There are issues to address but, generally speaking, bearing in mind that we are in the coldest period that we have had for 30 years, supplies of electricity and gas have been pretty good, and I add my support to those who will ensure that that continues through the winter months.
It is acceptable if gas supplies are maintained. In fact, the hon. Gentleman’s colleague, the hon. Member for North Southwark and Bermondsey gave a good, detailed analysis of the capacity and reserves, which I encourage the hon. Member for Birmingham, Yardley (John Hemming) to look at. That demonstrates that diversifying our supply and moving towards a low-carbon supply is good not only in relation to climate change but in addressing the potential problems of security of supply, fuel poverty, jobs and investment. Moving towards a low-carbon economy has a range of advantages.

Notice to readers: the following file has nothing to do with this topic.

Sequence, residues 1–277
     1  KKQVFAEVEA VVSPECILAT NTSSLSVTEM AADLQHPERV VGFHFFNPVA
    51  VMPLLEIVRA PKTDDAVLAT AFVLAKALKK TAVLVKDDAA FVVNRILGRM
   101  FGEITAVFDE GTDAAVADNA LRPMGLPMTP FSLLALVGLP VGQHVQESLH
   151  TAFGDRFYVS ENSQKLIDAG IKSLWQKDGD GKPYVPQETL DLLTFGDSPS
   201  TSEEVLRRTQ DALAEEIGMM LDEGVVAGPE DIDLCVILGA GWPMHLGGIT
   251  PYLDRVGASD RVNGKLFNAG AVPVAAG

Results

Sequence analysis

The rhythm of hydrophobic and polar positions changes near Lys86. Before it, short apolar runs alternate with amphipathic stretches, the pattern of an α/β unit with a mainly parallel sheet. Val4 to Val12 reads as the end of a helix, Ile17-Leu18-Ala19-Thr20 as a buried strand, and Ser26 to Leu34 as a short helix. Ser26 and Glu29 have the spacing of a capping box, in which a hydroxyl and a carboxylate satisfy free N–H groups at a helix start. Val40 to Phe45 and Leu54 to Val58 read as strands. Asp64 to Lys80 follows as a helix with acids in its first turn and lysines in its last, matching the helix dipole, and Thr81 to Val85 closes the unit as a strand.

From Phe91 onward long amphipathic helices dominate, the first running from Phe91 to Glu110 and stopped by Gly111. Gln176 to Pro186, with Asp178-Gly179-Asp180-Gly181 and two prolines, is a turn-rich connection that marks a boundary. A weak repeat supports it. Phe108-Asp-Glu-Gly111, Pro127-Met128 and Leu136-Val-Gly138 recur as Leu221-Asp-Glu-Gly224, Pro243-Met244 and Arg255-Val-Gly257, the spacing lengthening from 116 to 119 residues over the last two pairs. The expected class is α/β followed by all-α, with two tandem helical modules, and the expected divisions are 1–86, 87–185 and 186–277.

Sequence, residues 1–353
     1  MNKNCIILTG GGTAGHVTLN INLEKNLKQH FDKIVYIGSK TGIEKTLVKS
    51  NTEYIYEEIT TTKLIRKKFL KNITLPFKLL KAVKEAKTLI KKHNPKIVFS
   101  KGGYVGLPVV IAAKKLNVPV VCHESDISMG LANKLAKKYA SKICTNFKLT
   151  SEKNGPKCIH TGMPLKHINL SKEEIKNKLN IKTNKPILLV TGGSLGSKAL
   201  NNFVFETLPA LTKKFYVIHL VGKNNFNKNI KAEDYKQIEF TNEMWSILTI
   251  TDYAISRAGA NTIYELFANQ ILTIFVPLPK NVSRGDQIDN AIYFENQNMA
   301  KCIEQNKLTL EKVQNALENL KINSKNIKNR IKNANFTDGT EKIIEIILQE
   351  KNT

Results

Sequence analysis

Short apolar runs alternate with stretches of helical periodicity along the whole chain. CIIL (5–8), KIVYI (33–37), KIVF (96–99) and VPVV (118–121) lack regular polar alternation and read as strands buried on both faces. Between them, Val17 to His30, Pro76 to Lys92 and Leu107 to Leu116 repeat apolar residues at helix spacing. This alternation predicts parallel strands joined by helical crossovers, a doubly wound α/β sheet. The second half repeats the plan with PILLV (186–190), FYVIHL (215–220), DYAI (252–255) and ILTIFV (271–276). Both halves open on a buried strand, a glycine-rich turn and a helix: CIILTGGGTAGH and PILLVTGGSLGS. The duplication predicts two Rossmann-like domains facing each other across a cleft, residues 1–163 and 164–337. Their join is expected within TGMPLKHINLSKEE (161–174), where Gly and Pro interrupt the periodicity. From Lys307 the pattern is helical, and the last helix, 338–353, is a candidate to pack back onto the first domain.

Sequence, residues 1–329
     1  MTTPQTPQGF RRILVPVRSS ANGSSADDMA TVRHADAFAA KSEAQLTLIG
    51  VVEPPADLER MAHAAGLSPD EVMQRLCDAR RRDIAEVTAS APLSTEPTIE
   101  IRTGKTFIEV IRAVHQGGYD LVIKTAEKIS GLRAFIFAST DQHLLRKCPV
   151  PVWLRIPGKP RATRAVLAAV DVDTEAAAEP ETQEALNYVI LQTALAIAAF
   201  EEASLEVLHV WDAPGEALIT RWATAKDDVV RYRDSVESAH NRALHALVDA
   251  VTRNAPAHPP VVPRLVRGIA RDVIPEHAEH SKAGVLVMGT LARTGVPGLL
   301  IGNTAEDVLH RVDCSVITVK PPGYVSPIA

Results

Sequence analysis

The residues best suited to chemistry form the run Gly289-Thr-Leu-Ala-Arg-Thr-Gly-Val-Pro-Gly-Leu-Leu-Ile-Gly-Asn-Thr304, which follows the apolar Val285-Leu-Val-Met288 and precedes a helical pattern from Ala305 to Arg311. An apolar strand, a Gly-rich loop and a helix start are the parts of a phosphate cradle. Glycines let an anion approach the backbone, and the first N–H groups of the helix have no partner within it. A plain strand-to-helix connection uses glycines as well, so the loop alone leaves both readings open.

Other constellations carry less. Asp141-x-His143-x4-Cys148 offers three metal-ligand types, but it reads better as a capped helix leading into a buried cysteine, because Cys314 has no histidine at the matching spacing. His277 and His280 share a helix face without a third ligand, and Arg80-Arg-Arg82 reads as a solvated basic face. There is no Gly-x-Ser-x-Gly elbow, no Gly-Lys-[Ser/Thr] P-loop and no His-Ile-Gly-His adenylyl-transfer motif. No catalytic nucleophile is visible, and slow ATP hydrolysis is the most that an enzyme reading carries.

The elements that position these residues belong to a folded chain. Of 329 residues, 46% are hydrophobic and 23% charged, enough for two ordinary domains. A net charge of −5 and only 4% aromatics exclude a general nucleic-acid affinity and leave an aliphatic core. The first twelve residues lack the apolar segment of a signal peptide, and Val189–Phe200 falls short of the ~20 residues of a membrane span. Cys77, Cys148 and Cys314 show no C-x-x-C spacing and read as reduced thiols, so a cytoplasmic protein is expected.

On fuel poverty, which is related to energy supply in the current circumstances, I welcome what has been done on insulating people’s homes through the Warm Front programme. Energy efficiency is one of the cheapest and most effective ways of reducing energy demand and helping to meet social demand, and it improves the availability of supply. However, we need to do an awful lot more in the private rented sector on creating mechanisms to improve insulation.
Incidentally, I welcome the improvement in cold weather payments: my constituency will be receiving two weeks’ payments. I know that this is not the responsibility of my hon. Friend the Under-Secretary of State for Energy and Climate Change, but there are some eligibility anomalies, because some people on disability living allowance do not receive the payments. Those anomalies need to be addressed in discussions with other Departments.